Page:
If you're in an open plan classroom do you team teach too? Do you ever get your children to yourself?

(I've only ever worked on supply in an open plan school and I didn't like it much!)>


Good luck and keep looking in, we all need each other!!



Link to comment
Share on other sites

Hi Sagarbabes -

Mundia and Susan beat me to it, but I just wanted to say welcome as well. And also that if you have time to browse through other conversations you'll find that you're not by any means the only one fighting this particular battle.


Talking the various potential strategies through can really help though, so keep coming back and let us know what's happening :D

Link to comment
Share on other sites

sugarbabes poor you. That is a really difficult situation and not an easy one to resolve till the other teacher leaves! Don,t lose faith. I agree with Mundia. There are lots of us confused as to what is best in FS2 these days. How are the children coping with the formality? :) Chris

Link to comment
Share on other sites

  • 2 weeks later...

Thank you all for your kind words. I'll try to answer a few of your questions. The class teacher is also the Foundation Stage Co-ordinator. My mentor is the deputy head and both are very supportive of me - that's the frustrating bit! They are both very supportive, as are the nursery nurses. The problem I'm having is that their supportiveness is around me fitting into their routines. I often feel that I'm being guided in the routines rather than in the teaching!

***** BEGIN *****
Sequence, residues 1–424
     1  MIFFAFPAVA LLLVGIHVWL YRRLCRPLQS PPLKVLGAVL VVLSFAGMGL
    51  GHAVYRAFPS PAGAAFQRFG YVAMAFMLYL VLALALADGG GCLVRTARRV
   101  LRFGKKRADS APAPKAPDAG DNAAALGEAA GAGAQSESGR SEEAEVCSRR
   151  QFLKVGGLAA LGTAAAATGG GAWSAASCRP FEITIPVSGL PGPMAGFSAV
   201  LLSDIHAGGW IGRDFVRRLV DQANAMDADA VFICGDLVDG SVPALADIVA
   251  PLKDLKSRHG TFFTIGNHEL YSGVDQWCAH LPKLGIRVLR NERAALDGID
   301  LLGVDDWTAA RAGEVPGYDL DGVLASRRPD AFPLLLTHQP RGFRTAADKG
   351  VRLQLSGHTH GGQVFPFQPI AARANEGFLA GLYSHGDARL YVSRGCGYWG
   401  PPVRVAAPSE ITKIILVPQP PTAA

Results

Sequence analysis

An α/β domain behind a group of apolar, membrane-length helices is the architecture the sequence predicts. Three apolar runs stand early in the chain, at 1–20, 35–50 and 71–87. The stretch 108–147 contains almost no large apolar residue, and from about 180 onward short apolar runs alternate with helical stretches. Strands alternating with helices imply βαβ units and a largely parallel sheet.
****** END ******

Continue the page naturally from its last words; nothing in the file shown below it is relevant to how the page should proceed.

The retiring foundation stage co-ordinator has now told me she may not be retiring this time. It was the only thing that me and the other NQT reception teacher were holding out for, in that it would obviously lead the way for a more independent approach to our teaching - rather than the old routines.


Went on a visit to another reception class in another school and realised the grass isn't always greener on the other side. There are huge positives about my class. The children are lovely, I have hardly any behaviour problems, they are very receptive to my enthusiasm (!) and I feel comfortable in my own delivery of the day. I just feel suffocated at times. Am just not sure that this is how I want to continue my career - forever waiting for the 'next' year, or the 'next' term etc to try out my ideas. Am all for waiting for the right time, but am not sure I want to be a teacher who holds out for the 'right' time, all the time. I'd be waiting most of my career away!


Any comments would be helpful!


How are you all coping with the observations as assessments???????? Can you say 'death by paperwork??'


Thanks again.

Link to comment
Share on other sites

Hi everyone,

I've just returned to this topic and am wondering if sugarbabes is ok? Have you found anyone to support you in developing your early years ethos? What about the Early Years team at your LEA? Don't give up, the children need you to win this battle!

All the best, Pau

Link to comment
Share on other sites


  • Create New...

Important Information

We have placed cookies on your device to help make this website better. You can adjust your cookie settings, otherwise we'll assume you're okay to continue. (Privacy Policy)